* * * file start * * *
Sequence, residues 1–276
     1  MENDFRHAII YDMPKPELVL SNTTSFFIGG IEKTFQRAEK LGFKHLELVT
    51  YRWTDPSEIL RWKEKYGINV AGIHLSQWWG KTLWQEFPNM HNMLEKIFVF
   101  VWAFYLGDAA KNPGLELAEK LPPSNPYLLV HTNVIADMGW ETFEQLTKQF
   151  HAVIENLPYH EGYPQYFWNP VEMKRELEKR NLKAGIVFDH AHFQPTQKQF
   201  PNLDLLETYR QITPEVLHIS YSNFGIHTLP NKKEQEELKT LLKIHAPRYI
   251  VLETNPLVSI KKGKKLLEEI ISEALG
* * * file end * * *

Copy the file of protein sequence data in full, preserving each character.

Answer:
Sequence, residues 1–276
     1  MENDFRHAII YDMPKPELVL SNTTSFFIGG IEKTFQRAEK LGFKHLELVT
    51  YRWTDPSEIL RWKEKYGINV AGIHLSQWWG KTLWQEFPNM HNMLEKIFVF
   101  VWAFYLGDAA KNPGLELAEK LPPSNPYLLV HTNVIADMGW ETFEQLTKQF
   151  HAVIENLPYH EGYPQYFWNP VEMKRELEKR NLKAGIVFDH AHFQPTQKQF
   201  PNLDLLETYR QITPEVLHIS YSNFGIHTLP NKKEQEELKT LLKIHAPRYI
   251  VLETNPLVSI KKGKKLLEEI ISEALG